In her lab, Hovakimyan has begun experimenting with small and large drones. She refers to them as "Bibbidi Bobbidi Bots", borrowing a phrase from the film Cinderella to make them seem less intimidating. Last month, in the Nicer Robotics laboratory at the University of Illinois, researchers began experimenting with an Oculus Rift virtual reality viewer to show people how it might feel to be close to a small drone. She believes that drones could ultimately be used to perform all manner of household chores, such as reaching under a table to grab an object, cleaning chandeliers and weeding the lawn.

Many others are trying to devise solutions as well. In a crowded four-room laboratory in south Seattle, the former Microsoft software designer and executive Tandy Trower is experimenting with a 1.2m-tall rolling robot he calls Robby. With cameras, radar, microphone, speaker, a tablet interface and a moveable tray, Robby may someday be able to serve as a mobile companion and even perform some light chores.

Trower says the robot, now a prototype in his Hoaloha Robotics laboratory, would be able to monitor the health of its human companion and assist with tasks such as keeping track of medicines. Its screen could also be used for video conferences with physicians and other health-care providers.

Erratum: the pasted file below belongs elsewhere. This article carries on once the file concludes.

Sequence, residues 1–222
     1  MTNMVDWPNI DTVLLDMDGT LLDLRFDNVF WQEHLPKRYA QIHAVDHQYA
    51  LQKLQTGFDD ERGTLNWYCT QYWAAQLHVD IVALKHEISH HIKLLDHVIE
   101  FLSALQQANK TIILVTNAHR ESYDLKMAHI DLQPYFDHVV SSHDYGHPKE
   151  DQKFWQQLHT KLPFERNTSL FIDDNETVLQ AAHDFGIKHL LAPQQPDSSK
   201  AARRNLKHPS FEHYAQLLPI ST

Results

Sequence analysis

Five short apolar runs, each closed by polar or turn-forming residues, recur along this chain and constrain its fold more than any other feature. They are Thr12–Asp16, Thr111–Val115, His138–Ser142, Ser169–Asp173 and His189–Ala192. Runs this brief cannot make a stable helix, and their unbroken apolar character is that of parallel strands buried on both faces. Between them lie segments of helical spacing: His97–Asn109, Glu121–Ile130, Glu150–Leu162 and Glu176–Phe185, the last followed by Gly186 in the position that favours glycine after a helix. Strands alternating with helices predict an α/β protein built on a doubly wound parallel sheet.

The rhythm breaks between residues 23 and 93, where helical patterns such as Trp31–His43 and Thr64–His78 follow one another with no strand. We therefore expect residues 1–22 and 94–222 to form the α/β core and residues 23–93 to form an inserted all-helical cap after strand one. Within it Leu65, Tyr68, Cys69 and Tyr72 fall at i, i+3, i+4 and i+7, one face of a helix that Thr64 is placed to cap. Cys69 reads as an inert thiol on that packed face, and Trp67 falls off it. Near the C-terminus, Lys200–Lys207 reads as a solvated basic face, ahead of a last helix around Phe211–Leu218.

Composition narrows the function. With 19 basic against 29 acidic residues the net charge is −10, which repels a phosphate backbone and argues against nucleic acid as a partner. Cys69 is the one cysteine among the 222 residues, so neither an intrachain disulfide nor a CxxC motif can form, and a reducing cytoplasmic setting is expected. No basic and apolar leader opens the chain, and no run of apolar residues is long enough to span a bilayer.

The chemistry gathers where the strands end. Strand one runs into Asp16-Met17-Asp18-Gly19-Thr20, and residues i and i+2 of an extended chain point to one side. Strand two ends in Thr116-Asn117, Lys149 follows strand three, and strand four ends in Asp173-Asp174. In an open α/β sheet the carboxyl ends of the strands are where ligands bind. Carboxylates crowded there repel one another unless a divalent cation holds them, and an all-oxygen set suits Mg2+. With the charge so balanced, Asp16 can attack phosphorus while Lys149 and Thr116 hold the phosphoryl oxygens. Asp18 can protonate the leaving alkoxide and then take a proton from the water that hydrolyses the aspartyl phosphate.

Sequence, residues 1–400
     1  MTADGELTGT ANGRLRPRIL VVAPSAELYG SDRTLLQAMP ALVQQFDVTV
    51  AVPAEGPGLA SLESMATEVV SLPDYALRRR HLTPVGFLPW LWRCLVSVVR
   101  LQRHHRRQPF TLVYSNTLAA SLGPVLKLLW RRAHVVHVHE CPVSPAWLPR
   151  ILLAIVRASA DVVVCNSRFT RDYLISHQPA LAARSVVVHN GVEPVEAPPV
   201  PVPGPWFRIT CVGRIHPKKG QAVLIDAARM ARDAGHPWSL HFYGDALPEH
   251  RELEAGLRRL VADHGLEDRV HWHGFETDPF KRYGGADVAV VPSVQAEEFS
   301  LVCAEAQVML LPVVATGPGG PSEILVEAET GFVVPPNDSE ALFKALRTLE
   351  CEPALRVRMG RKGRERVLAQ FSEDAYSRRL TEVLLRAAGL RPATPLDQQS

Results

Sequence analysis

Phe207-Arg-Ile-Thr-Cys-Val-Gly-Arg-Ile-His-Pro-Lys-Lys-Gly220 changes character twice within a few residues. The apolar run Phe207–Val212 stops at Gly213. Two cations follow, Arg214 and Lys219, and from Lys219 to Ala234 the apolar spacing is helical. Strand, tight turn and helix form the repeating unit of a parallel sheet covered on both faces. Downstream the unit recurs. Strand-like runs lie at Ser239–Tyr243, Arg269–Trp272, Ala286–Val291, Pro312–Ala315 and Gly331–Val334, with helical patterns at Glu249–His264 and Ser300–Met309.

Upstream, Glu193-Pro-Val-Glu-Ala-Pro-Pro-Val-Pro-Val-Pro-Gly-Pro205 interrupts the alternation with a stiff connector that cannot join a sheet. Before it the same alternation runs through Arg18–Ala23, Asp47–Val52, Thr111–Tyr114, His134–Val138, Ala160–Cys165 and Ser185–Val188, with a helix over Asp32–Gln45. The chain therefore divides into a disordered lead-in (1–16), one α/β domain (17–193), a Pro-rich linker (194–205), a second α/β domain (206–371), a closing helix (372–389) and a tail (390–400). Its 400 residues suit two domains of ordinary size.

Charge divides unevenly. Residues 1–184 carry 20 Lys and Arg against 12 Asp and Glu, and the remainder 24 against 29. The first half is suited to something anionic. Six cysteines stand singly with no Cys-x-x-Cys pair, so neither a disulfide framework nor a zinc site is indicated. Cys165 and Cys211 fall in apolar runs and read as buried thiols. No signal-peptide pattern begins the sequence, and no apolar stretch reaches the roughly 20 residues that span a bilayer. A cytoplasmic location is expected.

He says that the science-fiction future of elder-care robots is closer than many people believe.

"Rather than seeing the train in the distance, we’re seeing the light shining in our face right now," he says.

Toyota Motor said last month in November that it would spend $1bn to establish a new research laboratory adjacent to Stanford University to focus on artificial intelligence, underscoring the company’s view that it should be added to cars to make human drivers safer rather than to replace them.

The hope is that such technologies will make it possible for ageing people to drive safely longer.

"Driver assistance will turn cars into elder-care robots in a very positive sense," said Rodney Brooks, a pioneering roboticist and a former director of the MIT Computer Science and Artificial Intelligence Laboratory. "In the US, when you can’t drive any longer, you’ve lost your independence."

The need for such technology will grow sharply, given the broad demographic shifts sweeping through the world’s population.

An ageing population will place enormous burdens on the world’s health-care system by 2050, according to demographers. Already, for the first time in history, 14% of the world’s population is older than 65, a sharp contrast with the 9.1% of the population that is less than five years old.

Globally, the number of people 60 and over is expected to more than double by 2050 and triple by 2100. The number of people 80 and above is expected to double by 2050 and increase more than sevenfold by the end of the century. Despite a patchwork of research and some commercial products, the US appears to be lagging behind Japan and Europe in developing solutions.